Hegemonic international law
Throughout history, different empires were exercising a kind of hegemonic control over other states. For instance, the Roman empire was a kingdom, which epitomises a classic hegemony, successfully maintained client states. The Roman empire had brought a framework governing the relationship of the empire with other states in terms of personal arrangement of private law, the patrocinium. This relationship between the patron—Roman empire, and client states— had imposed obligations on each of them, though not reciprocal ones. Over the years, international law has been an instrument for legitimatising the power of hegemonic states such as—Spain, Britain and now the United States.
On the other hand, Ethiopia is an historical polity which preserved its civilisation from foreign domination and had successfully defended its sovereignty from colonial rule. Ethiopia was a founding member of the League of Nations, and also to the UN.
States—be it powerful or weak or wealthier or poor—are supposed to be equal under international law on the basis of article 2(1) of the UN Charter. However, the United States tended to appear as a hegemonic superpower and was accused of meddling in the internal affairs of states.
Guided by the principles of sovereignty, equality of states and national independence of states; the UN General Assembly reinforced these ideals by passing a resolution entitled — ‘Inadmissibility of the Policy of Hegemonism in International Relations’ in 1979. But the United States opposed this resolution. According to this resolution, hegemony is defined as:
a manifestation of the policy of a States, or a group of States, to control, dominate and subjugate, politically, economically, ideologically or militarily, other States, peoples or regions of the world.
In practice, states have their own national interests, in many cases, but may not be tailored by international law principles. As a result, states may drive a hegemonic policy aiming at a position of dominance across the globe. Article 8 of the resolution sets out states’ right to determine their socio-economic policies without intimidation, hindrance or interference from outside. Nevertheless, during GERD negotiations between Ethiopia, Egypt and Sudan; the United States was coercing Ethiopia to strike an unconscionable deal over the filling and operation of the dam. When the Ethiopian government was unable to make a deal, the Trump administration exerted its pressure by cutting development aid to Ethiopia. The Trump administration’s latest move is counterproductive in many ways. To mention an instance, Ethiopia is an Anti-Terrorism ally of the United States in the Horn of Africa. As such, severing its usual partnership with Ethiopia will cost the United States more than expected. Undeniably, Egypt and Ethiopia are equal partners of the United States. But in terms of strategic importance — Egypt is a more equal partner than Ethiopia.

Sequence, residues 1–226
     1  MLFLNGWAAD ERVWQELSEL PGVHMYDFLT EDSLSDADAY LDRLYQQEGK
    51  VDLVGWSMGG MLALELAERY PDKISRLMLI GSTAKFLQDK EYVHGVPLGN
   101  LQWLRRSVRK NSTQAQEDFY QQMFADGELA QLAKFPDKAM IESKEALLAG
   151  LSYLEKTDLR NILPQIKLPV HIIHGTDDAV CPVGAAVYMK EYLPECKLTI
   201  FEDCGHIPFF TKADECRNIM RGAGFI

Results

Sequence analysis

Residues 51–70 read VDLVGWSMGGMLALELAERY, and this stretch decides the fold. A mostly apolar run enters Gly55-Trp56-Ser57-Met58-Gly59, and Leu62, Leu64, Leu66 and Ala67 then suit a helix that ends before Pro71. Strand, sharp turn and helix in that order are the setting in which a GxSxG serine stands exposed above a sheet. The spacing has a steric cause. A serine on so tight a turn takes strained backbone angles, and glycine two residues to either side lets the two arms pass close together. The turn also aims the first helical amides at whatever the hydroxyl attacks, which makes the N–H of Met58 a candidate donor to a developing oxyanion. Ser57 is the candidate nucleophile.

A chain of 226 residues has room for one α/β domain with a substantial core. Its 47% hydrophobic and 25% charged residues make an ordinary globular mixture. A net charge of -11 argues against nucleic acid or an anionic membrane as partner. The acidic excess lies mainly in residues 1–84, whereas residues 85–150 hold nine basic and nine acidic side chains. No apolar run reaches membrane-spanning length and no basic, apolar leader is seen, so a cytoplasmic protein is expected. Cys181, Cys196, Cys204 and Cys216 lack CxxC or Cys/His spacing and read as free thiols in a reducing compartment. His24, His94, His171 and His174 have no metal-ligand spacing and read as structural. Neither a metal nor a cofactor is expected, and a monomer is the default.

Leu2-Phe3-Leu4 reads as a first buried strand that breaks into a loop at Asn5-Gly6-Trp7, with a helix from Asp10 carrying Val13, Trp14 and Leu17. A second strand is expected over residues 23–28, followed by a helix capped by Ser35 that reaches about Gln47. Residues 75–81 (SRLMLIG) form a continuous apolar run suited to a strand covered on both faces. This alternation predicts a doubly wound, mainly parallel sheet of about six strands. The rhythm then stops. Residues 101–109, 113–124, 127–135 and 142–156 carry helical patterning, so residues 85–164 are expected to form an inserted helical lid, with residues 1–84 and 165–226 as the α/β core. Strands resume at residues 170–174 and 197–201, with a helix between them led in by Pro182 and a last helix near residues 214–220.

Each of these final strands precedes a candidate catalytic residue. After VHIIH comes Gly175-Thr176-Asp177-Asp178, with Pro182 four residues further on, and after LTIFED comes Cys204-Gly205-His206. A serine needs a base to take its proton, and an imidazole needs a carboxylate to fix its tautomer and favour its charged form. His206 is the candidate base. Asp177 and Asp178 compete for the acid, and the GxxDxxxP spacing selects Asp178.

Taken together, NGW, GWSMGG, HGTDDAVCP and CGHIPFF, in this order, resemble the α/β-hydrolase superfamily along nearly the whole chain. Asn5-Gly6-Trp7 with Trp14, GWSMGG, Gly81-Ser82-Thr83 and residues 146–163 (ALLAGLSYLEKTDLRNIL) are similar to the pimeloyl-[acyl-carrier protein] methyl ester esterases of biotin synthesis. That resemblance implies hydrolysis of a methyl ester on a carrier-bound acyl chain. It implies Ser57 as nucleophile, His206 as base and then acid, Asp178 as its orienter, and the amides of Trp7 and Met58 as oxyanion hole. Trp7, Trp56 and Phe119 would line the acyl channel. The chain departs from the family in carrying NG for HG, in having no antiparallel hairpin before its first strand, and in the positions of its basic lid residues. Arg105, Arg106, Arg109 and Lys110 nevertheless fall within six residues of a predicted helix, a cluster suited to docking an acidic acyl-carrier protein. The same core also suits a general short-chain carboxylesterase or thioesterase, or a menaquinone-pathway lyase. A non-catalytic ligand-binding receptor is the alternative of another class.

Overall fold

The Trump factor—failing international order?
President Donald Trump, whose first presidential term draw to a close, is being a threat to multilateralism and the international system. He is blamed for his populist propensity both at home—and abroad. His foreign policy moments exhibit his contested presidential routes. Critics do not hesitate to take Trump as a reason for every evil happening in America. The deadliest Coronavirus, hurricane, wildfire, racial based attacks, and impeachment trials are the Achilles heel of the Trump administration. Since his ascension to the helm of presidency, he has not only altered the course of the US foreign policy but has also withdrawn the US from major international treaties. Thus, the Trump factor has traversed national boundaries and changed the global order.